flickr.com/jeremywilburn

Last October, the Harvard Business Review published an essay on Hacking Tech's Diversity Problem.

The NPR Ed team asked reporters from 14 member stations for stories to help explain the nationwide rise in graduation rates. My colleague Jennifer Guerra contributed a story that may sound familiar to State of Opportunity listeners. Click through to see the app, and see Jennifer's work.

flickr.com/katerha

Over the weekend, The Washington Post published an analysis of every shooting death at the hands of a police officer since the start of the year. The Post found that the number of officer-involved shooting deaths is approaching 400 nationwide for the year, a number that's about twice as high as what you'd expect if you believe the existing statistics on deaths caused by police officers (most people don't). 

The Post has plenty of details within the numbers worth checking out, but still the most surprising part of this analysis is that it had to be done at all. Even with this analysis now available, it's clear that the number of things we don't know about violence involving police officers far outnumbers the things we do know. 

LBJ Library photo by Robert Knudsen

On this day in 1965, President Lyndon Johnson stood in the White House Rose Garden to announce a new program that would change the lives of millions of America's children. At the time, he called it "Project Head Start." 

"I believe that this is one of the most constructive, and one of the most sensible, and also one of the most exciting programs that this nation has ever undertaken," Johnson said of Head Start that morning. 

In the half-century since the announcement, millions of kids, and families, have received services through Head Start. The current annual cost of the program is nearing $10 billion. And yet there's huge disagreement even today about what Head Start has accomplished, or even should accomplish as its mission.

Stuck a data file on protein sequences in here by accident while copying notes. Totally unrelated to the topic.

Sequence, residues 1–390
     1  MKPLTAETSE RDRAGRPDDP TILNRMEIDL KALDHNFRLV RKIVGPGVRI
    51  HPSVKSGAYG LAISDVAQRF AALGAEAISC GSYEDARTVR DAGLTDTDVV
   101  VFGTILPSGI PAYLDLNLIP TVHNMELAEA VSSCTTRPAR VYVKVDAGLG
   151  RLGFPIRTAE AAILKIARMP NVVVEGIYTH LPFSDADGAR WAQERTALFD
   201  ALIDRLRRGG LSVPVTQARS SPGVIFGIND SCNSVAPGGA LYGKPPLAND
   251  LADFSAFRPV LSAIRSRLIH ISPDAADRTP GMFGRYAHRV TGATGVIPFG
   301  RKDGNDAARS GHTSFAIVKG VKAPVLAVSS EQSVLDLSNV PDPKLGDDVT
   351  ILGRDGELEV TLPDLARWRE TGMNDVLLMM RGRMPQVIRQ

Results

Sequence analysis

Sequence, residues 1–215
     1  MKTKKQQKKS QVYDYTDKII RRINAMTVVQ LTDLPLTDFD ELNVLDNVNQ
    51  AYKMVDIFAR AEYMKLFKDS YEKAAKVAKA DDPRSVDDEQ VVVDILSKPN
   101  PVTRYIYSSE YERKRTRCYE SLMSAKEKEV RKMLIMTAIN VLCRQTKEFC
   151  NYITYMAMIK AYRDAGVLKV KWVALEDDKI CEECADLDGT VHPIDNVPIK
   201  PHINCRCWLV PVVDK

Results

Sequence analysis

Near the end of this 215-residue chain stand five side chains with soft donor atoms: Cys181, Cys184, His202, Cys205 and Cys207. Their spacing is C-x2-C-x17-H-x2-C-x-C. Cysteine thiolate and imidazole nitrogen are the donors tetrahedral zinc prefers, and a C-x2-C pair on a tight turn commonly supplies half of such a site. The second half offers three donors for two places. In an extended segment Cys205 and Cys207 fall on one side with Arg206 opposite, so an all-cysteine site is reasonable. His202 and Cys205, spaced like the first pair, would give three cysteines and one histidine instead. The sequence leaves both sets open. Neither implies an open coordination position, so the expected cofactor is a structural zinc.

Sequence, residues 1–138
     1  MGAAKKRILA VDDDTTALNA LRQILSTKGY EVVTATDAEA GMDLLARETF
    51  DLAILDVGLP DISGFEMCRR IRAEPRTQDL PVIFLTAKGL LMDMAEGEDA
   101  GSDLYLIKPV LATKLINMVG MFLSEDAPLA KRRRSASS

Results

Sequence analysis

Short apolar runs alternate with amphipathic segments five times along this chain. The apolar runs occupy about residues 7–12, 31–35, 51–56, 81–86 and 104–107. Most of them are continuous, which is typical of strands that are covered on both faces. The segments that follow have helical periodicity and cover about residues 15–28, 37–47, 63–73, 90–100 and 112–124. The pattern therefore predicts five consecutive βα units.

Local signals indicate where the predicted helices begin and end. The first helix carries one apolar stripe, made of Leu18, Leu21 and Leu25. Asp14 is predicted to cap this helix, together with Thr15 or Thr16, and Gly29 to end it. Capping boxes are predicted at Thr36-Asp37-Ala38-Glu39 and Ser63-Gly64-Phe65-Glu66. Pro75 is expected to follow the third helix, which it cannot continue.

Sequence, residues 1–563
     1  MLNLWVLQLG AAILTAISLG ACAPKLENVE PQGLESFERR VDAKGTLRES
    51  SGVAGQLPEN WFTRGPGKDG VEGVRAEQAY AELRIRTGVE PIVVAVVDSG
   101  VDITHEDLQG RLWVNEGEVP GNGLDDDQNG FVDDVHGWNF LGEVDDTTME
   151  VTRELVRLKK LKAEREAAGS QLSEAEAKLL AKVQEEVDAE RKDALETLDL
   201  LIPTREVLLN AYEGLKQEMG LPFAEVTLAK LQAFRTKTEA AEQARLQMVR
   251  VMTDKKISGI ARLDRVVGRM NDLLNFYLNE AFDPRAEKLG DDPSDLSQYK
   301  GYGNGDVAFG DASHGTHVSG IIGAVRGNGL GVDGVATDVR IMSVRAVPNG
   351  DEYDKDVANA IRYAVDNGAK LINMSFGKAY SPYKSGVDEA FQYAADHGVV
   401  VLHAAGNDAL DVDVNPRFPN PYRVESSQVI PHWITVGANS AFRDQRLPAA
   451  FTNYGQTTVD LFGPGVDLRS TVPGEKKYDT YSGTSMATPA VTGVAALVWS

The Atlantic has a look at what seems like a huge shift in perception among Americans. Since 2001, the percentage of people who identify as lower- or working-class has jumped 15 percentage points in the U.S. Meanwhile, the number of people who believe they're in the middle class has dropped. Check out the piece for some thoughts on what this shift in perception could mean for the future.

There's an idea that's taken hold in the past few years about why it is that poor people, on average, eat less healthy food and have higher rates of obesity. The idea is simply that people in neighborhoods marked by poverty lack access to healthy food choices. Somewhere along the way (most likely starting in the U.K.) a person with an ear for good marketing decided to label these kinds of neighborhoods "food deserts."

Now, there's even a public service announcement dedicated to ending food deserts in the U.S.

The 2014 Farm Bill called for spending $125 million to attack food deserts by funding new stores or markets to sell fresh fruits and vegetables in low income areas. But this year, Congress decided to strip funding for the program

A new economic study argues this may have been the right decision.